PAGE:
violet hour 3I’ve kept a menu from almost every time I’ve been there, and for a while I was making a series of earrings based on my favorite cocktails. I came across this one this morning while I was working on the (never-ending) sorting of my Leaves of Glass back catalog. Hush & Wonder had the faintest trace of Creme de Violet, and it was delicious.

The menu changes regularly, but if you have a favorite cocktail of yore, chances are good that they’ll remember it and will make it on request. It’s a dark bar, heavy on the velvet and candlelight, with tables and chairs arranged in small groupings. The chairs all have very tall backs with heavy upholstery. Sound is absorbed and there’s a nice sense of privacy, even in a large open-plan room. It’s still easy to people-watch, though, and it’s a pleasure. And if you enjoy documenting your cocktail intake for social media, it’s absolutely designed to make that irresistible. Beautiful drinks, good glassware, tiny decanters, handsome food, candlelight – it’s intoxicating. The entire experience of an evening there is a feast for the senses, and I miss it.

Up tomorrow, another of my favorite places in Chicago: The Green Mill.

blaugust #06: sparkletalk.

I made a little deal with myself last week. The boxes of glass beads have been languishing lately. My time for making things is much more restricted than it was a couple of years ago, and when I sit down for a design marathon I tend to let the more popular urban legend designs take all my time. Leaves of Glass is my first venture, though, and still my true heart. I don’t want to let it slip away entirely.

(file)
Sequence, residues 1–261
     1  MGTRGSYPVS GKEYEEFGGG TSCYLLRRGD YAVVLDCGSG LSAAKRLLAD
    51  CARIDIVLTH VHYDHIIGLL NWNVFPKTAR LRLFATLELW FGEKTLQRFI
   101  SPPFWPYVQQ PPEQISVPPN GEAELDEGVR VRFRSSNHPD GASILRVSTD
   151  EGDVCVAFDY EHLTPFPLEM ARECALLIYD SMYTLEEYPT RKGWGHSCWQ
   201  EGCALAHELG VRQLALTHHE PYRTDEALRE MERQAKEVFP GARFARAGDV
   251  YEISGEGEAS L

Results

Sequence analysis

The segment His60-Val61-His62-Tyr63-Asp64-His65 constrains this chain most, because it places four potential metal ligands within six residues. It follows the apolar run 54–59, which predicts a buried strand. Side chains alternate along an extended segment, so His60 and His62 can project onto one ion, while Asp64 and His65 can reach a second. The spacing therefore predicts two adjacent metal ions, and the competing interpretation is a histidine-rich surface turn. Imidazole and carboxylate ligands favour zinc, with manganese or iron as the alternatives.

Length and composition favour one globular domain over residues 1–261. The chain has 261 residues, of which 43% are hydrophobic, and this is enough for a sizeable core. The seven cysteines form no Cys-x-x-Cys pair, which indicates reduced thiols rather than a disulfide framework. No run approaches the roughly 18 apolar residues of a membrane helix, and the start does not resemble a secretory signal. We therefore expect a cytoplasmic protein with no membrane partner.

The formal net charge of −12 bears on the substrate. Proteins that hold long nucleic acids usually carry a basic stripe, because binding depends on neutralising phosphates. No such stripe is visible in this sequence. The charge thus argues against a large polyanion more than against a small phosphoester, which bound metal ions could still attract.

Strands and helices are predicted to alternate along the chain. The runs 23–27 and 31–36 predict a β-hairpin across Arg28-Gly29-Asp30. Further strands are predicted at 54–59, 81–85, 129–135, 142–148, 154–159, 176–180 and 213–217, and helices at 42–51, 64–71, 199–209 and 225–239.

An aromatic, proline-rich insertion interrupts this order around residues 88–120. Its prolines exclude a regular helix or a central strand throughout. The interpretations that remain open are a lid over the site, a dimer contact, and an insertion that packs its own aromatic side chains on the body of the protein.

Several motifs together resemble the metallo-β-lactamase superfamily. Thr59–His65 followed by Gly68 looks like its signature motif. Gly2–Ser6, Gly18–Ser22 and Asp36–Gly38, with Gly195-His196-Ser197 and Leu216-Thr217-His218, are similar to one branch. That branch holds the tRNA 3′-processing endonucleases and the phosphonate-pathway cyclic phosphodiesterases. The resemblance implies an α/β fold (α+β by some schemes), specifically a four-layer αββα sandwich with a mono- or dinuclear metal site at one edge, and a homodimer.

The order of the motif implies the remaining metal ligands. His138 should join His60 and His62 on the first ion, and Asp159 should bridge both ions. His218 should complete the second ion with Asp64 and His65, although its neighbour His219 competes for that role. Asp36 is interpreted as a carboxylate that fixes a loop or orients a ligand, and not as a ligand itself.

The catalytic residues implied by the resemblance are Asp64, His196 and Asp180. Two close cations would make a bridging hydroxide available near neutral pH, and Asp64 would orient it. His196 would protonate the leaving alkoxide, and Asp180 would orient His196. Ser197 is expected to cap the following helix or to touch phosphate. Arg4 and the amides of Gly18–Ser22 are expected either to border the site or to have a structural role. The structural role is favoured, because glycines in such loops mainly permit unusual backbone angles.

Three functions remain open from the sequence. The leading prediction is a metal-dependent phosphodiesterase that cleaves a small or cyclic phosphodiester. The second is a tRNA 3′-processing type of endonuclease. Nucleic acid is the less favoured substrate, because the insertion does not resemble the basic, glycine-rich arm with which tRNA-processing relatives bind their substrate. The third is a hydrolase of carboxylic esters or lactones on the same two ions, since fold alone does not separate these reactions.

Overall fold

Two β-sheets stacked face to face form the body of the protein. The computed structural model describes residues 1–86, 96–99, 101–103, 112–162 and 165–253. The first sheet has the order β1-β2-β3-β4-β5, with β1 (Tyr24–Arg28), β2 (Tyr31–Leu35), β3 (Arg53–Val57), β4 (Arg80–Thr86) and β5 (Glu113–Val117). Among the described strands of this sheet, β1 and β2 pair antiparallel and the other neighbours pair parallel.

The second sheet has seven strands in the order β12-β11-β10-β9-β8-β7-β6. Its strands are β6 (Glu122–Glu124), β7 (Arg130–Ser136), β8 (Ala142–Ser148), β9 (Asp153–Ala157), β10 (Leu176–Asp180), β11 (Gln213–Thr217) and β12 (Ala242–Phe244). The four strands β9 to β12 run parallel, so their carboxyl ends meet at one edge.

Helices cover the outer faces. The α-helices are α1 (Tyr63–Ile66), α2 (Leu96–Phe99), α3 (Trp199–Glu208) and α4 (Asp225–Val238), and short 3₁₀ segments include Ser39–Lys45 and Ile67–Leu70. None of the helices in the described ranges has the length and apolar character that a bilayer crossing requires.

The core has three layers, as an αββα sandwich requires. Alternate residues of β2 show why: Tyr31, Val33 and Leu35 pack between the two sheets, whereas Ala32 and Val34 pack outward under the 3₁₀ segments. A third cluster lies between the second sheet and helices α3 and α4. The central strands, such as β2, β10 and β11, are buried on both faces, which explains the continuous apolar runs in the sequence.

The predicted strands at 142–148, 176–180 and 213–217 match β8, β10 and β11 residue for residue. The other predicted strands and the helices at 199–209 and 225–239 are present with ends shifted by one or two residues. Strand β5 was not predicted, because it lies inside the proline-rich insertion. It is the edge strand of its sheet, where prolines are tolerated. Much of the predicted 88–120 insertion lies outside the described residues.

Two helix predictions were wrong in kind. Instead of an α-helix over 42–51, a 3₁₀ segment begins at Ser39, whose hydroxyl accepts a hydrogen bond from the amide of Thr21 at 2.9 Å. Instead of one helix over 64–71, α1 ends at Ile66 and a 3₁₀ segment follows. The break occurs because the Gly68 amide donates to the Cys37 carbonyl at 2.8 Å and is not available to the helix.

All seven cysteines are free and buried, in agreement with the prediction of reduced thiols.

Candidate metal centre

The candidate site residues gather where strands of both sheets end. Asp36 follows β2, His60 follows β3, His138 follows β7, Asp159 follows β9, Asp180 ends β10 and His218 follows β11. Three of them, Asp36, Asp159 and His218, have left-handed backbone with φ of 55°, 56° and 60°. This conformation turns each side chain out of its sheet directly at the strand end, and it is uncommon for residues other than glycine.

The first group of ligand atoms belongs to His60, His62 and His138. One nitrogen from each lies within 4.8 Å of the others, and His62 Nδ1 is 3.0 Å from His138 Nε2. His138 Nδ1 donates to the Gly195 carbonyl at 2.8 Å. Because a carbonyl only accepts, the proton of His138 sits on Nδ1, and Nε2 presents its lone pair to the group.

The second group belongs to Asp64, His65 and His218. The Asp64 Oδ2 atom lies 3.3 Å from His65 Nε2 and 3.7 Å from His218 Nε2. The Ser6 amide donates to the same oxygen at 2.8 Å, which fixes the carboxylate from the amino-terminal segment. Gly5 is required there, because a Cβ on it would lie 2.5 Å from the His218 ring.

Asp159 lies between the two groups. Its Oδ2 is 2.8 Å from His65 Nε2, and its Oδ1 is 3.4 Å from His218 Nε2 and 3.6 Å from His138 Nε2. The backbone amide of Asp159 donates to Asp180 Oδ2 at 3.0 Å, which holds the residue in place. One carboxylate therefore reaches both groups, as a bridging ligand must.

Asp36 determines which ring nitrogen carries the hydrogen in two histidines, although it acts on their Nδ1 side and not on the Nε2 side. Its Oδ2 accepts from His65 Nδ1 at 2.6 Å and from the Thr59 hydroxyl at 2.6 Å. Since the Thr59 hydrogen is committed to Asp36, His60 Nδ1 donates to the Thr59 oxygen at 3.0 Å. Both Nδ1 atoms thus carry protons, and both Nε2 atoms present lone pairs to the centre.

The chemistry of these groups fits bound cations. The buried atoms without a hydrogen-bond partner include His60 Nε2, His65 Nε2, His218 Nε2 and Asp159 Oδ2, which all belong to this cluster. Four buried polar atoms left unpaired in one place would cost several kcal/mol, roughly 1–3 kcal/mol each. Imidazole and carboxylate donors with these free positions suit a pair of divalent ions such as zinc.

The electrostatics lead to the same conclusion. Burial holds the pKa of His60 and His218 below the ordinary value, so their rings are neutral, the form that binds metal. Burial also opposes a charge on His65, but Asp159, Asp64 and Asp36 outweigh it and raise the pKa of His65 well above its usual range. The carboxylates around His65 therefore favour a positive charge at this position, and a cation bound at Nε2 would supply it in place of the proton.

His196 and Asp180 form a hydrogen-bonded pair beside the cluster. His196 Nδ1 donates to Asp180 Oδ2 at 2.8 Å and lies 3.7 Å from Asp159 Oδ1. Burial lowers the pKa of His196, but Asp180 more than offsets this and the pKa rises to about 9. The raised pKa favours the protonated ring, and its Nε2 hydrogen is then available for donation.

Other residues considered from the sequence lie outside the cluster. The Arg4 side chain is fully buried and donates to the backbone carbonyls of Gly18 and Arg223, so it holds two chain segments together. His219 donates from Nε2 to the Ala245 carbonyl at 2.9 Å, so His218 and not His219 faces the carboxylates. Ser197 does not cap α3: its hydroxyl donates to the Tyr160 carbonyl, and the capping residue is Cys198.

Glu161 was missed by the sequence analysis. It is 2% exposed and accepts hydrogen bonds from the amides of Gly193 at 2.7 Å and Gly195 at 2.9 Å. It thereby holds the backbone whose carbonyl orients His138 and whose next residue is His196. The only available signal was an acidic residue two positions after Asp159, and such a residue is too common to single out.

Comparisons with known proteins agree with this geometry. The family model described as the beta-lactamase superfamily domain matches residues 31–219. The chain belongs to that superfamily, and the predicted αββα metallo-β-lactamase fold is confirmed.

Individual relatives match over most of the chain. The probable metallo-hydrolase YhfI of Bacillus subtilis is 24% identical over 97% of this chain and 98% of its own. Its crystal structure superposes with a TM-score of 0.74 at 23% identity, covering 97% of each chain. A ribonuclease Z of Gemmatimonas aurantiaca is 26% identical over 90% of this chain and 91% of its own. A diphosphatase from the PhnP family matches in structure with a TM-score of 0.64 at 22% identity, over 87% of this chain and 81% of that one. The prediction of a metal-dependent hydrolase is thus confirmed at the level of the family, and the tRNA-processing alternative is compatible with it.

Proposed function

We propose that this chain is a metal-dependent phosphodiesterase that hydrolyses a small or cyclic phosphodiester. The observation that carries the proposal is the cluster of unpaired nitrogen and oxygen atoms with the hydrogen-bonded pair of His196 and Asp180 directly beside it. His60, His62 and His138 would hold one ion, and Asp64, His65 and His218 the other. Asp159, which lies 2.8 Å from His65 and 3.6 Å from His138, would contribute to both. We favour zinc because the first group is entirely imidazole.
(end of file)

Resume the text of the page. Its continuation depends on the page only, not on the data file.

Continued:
Last week I decided I’d make at least one piece of vintage glass jewelry a day. Sometimes my only hope of succeeding at a challenge is NOT to publicize it. Talking about it can work as a catalyst for doing it (Blaugust is working that way for me, so far), but it can also work as creativity-stifling pressure. I’ve lost momentum from sheer panic before. This was a little challenge, and not really in danger of being derailed. But it was also a challenge from me, to me, for reasons of my own affection. So I kept it quiet and just forged ahead. I did well! I didn’t miss any days, and on a couple of days I made more than one thing. I posted most of them on Instagram, and several pieces were sold straight from there. For me, that’s the most rewarding design-to-sale format, and I’m always excited when it happens.

This is a gallery of my favorite pieces. The ones that are still available are listed for sale in Leaves of Glass on Etsy. I got my nimble glass fingers working again, and there will be more grit and sparkle to come this month.

(This is my sixth post for the Blaugust initiative.)